Hannah can deduct her £12,570 personal allowance from her wages, with the remaining £17,430 subject to the 20% tax rate.  

Hannah’s first tax payment will be £3,486. 

The £15,000 earned from dividends will be reduced by £2,000 thanks to the dividend allowance. This leaves her with £13,000 in dividends subject to tax at a rate of 7.5%, as she’s a basic rate taxpayer. 

The tax payable on her dividends is £975. 

Hannah’s combined total income after both taxes is £40,539.

Calculating dividend tax when you only earn dividends

If dividends are your only source of income, the calculation will be slightly different. 

For example, James earns £50,000 per annum solely through dividends. 

After subtracting his personal allowance of £12,570 and dividend allowance of £2,000, he is left with £35,430 in taxable income. 

This amount puts James in the basic rate tax band, which is 7.5% on dividends, meaning his total tax bill will be £2,657.25.

When do I need to pay dividend tax?

You must pay dividend tax before the end of every tax year, which traditionally runs from 6th April to 5th April. However, you’ll need to have a relatively large share portfolio, one which earns you over £2,000, before you have to start paying dividend tax. 

How do I pay dividend tax?

If you earn up to £2,000 in dividends, you won’t need to do anything because that’s your tax-free dividend allowance. 

If you earn dividends between £2,001 and £10,000, you’ll need to contact HMRC. If you fall into this bracket, you can pay dividend tax* in two different ways, either by asking HMRC to adjust your tax code so your dividend tax is automatically taken from either your salary or your pension, or by completing a self-assessment tax return

If you earn dividends of more than £10,000 per year, you’ll need to complete a self-assessment tax return.

There are various ways to pay the tax due on your dividends, including the following:

Method How long does it take?
Online or telephone banking The same or next day
CHAPS The same or next day
Bacs 3 working days
Debit card The same or next day
Credit card (subject to charges) The same or next day
Postal cheque 3 working days
Direct debit 3-5 working days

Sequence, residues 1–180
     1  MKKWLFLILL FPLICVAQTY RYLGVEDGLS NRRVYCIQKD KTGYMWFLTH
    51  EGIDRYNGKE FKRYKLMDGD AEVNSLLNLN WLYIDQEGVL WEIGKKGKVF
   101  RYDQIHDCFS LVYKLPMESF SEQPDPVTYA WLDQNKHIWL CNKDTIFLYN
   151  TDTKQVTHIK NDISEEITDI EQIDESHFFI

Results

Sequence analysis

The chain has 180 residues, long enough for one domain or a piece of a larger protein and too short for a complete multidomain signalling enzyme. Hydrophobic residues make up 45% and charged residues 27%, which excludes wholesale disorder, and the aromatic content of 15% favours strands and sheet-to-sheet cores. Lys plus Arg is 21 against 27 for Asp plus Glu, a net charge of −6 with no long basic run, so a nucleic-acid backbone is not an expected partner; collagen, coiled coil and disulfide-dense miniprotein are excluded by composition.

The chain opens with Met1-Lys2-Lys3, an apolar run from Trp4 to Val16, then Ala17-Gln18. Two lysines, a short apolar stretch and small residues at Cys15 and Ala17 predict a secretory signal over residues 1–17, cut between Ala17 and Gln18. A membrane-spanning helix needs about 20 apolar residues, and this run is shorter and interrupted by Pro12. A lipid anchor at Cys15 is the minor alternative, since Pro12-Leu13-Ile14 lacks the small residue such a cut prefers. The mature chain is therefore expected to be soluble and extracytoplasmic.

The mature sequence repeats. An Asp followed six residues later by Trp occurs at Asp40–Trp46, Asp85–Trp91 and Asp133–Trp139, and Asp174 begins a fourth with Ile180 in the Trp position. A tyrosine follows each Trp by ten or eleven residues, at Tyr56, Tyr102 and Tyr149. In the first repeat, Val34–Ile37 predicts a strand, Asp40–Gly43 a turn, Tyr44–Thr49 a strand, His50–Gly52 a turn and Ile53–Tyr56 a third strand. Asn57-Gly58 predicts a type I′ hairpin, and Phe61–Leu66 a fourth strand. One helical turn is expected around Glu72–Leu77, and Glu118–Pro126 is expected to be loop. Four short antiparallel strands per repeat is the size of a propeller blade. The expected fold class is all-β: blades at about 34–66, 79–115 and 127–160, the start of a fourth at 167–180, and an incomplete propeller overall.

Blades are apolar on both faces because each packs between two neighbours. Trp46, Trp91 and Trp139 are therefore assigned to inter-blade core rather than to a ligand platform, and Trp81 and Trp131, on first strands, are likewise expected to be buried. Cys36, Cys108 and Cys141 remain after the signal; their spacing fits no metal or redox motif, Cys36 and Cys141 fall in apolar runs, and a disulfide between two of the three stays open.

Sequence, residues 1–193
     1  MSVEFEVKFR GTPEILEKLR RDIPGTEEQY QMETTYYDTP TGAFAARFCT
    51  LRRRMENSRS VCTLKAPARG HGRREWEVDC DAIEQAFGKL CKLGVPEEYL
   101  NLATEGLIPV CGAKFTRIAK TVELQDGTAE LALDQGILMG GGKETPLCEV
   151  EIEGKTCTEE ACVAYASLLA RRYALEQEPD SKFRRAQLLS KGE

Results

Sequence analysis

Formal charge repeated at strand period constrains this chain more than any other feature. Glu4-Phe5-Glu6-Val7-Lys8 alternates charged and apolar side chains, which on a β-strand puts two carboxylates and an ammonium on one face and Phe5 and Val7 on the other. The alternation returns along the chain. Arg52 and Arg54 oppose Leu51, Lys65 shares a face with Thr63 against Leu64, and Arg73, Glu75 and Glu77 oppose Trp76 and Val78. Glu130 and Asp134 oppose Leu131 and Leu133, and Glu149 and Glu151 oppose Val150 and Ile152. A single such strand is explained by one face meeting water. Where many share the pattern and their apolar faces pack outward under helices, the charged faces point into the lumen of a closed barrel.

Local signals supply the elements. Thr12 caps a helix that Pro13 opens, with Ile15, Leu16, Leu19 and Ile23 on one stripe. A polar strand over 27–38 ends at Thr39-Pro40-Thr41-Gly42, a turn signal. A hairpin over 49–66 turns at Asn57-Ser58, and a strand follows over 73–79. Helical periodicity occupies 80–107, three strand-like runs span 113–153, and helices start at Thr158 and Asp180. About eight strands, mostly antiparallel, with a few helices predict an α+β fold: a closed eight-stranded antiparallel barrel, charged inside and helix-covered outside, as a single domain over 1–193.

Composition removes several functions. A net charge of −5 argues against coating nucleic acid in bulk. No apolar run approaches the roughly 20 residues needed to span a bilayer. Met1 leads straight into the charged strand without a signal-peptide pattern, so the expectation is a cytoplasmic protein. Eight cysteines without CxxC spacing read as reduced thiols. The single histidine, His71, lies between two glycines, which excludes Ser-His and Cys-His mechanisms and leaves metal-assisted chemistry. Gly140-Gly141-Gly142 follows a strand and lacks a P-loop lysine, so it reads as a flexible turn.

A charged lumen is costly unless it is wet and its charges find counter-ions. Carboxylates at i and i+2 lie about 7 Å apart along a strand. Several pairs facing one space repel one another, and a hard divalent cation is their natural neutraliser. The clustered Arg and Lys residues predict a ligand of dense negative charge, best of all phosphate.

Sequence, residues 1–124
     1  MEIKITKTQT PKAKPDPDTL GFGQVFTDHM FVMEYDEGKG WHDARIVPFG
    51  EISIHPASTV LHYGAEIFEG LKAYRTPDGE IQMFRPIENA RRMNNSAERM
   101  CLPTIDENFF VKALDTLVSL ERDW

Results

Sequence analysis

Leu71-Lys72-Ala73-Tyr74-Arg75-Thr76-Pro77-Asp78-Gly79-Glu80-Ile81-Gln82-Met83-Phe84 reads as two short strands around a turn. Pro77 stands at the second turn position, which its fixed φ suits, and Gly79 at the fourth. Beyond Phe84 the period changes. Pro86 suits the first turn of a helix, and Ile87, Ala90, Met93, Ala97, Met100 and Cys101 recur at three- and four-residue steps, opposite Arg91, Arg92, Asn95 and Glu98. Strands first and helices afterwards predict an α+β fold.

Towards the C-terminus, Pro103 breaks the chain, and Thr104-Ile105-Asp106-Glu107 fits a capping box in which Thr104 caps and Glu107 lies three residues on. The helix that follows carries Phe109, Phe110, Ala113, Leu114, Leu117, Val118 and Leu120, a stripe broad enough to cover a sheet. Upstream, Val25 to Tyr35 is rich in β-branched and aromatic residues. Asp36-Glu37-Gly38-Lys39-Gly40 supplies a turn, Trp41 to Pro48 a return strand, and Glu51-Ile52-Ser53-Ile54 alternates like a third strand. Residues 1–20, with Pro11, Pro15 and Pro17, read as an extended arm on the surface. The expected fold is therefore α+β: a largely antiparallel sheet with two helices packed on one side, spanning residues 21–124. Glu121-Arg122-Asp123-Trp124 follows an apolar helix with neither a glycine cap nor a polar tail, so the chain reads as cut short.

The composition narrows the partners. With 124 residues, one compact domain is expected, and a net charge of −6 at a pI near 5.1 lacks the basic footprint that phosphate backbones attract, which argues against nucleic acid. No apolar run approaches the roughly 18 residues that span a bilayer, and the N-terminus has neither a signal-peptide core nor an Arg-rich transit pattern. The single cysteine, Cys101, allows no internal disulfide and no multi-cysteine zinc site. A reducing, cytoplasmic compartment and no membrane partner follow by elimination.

In person at the bank, building society or Post Office The same or next day

Examples of dividend tax bills

The standard formula on dividend tax depends on two things: 

  • Any wages you earn (if you earn over £125,000, you won’t benefit from a personal allowance) 
  • How much you have earned in dividends 

When working out how much tax you need to pay, HMRC will ‘stack’ your income in this order: 

  1. Income from work, pensions and property,
  2. Income from savings 
  3. Dividend income

Are there any tax-free dividends?

Yes, there is a legal way to avoid paying tax on dividends. If you choose to invest in a stocks & shares ISA, you won’t pay income or capital gains tax on any returns you make on your investments.

Dividend tax before April 2016

Tax on dividends in the UK has been subject to some fairly recent changes. For example, If you had dividends before April 2016, they will have been taxed differently. 

Any dividends you earned were deemed to have been taxed at 10% before they were paid to you. This was regardless of whether you chose to reinvest them or were paid your dividends. This deduction resulted in investors being given a tax credit. 

This meant that:

  • Non-taxpayers, such as those earning a low income, also had this tax deducted and couldn’t claim it back 
  • Basic-rate taxpayers had no further tax to pay 
  • Higher-rate taxpayers paid dividend tax at 32.5% – but after the tax credit, this became an effective tax rate of 25%
  • Additional-rate taxpayers paid dividend tax at 37.5% – but after the tax credit, this became an effective tax rate of 30.6%


* https://www.gov.uk/tax-on-dividends